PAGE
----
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AMIA Jt Summits Transl Sci Proc. 2015 Mar 25;2015:56-60. eCollection 2015.

Visualizing Anomalies in Electronic Health Record Data: The Variability Explorer Tool.

Author information

1
Institute of Translational Health Sciences, University of Washington, Seattle, WA.
2
Department of Psychiatry & Behavioral Sciences, University of Washington, Seattle, WA.
3
Institute of Translational Health Sciences, University of Washington, Seattle, WA ; Department of Family Medicine, University of Washington, Seattle, WA.
4
Department of Biomedical Informatics and Medical Education, University of Washington, Seattle, WA.
5
Department of Family Medicine, University of Washington, Seattle, WA.
6
Institute of Translational Health Sciences, University of Washington, Seattle, WA ; Department of Psychiatry & Behavioral Sciences, University of Washington, Seattle, WA ; Department of Biomedical Informatics and Medical Education, University of Washington, Seattle, WA.

Abstract

As Electronic Health Record (EHR) systems are becoming more prevalent in the U.S. health care domain, the utility of EHR data in translational research and clinical decision-making gains prominence. Leveraging primay· care-based. multi-clinic EHR data, this paper introduces a web-based visualization tool, the Variability Explorer Tool (VET), to assist researchers with profiling variability among diagnosis codes. VET applies a simple statistical method to approximate probability distribution functions for the prevalence of any given diagnosis codes to visualize between-clinic and across-year variability. In a depression diagnoses use case, VET outputs demonstrated substantial variability in code use. Even though data quality research often characterizes variability as an indicator for data quality, variability can also reflect real characteristics of data, such as practice-level, and patient-level issues. Researchers benefit from recognizing variability in early stages of research to improve their research design and ensure validity and generalizability of research findings.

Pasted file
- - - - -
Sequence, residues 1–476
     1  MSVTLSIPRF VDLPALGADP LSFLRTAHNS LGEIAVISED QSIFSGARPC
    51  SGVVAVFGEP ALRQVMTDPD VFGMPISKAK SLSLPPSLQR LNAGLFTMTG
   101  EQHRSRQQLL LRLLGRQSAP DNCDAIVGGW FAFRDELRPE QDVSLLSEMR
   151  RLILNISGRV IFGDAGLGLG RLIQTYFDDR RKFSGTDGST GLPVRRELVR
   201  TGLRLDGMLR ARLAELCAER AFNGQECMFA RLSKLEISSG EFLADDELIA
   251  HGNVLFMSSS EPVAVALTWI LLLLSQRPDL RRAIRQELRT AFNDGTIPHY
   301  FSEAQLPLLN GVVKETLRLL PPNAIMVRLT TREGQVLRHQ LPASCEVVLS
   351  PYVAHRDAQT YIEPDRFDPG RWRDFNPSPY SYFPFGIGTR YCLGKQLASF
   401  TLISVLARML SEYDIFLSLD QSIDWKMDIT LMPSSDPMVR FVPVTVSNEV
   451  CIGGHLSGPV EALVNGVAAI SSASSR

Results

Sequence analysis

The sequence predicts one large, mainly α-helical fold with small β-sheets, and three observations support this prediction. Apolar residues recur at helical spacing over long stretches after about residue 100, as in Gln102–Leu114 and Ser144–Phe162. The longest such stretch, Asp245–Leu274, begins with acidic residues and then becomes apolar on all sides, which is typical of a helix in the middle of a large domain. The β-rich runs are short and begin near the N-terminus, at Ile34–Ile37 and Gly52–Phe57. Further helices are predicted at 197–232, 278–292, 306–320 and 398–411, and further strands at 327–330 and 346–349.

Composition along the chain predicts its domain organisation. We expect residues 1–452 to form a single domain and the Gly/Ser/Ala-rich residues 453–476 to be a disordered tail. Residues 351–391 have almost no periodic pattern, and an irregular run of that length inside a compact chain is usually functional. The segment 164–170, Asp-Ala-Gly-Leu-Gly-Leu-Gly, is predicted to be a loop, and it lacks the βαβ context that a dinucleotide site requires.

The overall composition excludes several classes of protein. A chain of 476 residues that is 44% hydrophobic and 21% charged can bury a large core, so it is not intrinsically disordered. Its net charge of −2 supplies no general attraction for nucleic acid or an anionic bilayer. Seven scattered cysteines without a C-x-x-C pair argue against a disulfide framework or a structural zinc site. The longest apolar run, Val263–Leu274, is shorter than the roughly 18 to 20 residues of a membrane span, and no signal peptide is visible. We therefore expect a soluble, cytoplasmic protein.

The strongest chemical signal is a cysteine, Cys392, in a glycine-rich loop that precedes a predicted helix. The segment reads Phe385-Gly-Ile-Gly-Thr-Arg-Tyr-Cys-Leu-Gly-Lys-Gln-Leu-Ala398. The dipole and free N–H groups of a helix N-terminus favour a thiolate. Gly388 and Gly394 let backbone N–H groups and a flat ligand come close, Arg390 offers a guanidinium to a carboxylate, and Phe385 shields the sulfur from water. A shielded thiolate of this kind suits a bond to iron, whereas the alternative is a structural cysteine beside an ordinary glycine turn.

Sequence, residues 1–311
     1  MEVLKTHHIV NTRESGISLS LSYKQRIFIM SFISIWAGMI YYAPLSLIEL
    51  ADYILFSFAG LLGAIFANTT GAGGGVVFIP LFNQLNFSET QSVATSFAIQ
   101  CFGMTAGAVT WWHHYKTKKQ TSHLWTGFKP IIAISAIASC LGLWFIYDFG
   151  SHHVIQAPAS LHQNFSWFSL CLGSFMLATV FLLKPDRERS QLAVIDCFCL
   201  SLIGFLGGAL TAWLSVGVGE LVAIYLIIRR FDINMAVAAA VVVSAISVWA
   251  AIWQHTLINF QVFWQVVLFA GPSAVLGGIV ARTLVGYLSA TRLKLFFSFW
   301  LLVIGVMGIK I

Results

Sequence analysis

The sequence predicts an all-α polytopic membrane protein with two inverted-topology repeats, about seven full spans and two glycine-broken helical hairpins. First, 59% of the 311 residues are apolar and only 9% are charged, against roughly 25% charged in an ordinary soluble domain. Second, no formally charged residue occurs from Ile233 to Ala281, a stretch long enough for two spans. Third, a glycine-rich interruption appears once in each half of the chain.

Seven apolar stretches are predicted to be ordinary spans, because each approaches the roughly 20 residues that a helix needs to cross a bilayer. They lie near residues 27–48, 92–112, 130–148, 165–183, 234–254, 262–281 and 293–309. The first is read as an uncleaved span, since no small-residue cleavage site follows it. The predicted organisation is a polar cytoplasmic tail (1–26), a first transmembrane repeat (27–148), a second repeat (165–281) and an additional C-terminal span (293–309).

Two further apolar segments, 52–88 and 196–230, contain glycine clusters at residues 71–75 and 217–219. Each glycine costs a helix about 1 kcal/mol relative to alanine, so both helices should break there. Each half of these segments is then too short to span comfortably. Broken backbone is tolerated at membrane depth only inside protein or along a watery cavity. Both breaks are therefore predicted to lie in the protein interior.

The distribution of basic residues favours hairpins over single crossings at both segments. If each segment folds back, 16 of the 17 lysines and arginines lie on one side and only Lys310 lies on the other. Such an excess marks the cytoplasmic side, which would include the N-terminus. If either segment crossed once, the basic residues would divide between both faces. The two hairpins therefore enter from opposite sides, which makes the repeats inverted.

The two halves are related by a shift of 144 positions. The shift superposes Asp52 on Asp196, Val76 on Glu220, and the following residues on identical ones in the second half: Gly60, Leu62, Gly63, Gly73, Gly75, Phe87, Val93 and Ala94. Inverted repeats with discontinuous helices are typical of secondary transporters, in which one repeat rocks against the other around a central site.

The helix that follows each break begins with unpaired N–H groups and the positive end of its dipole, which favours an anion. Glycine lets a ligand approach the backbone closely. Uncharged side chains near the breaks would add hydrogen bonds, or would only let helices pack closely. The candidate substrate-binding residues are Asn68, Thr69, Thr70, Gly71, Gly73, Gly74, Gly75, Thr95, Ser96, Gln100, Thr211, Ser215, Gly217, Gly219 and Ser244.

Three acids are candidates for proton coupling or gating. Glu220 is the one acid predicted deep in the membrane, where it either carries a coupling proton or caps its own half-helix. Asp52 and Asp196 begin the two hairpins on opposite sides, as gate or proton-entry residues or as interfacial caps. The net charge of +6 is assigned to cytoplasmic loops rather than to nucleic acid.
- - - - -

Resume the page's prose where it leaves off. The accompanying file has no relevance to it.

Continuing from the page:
PMID:
26306237
PMCID:
PMC4525227

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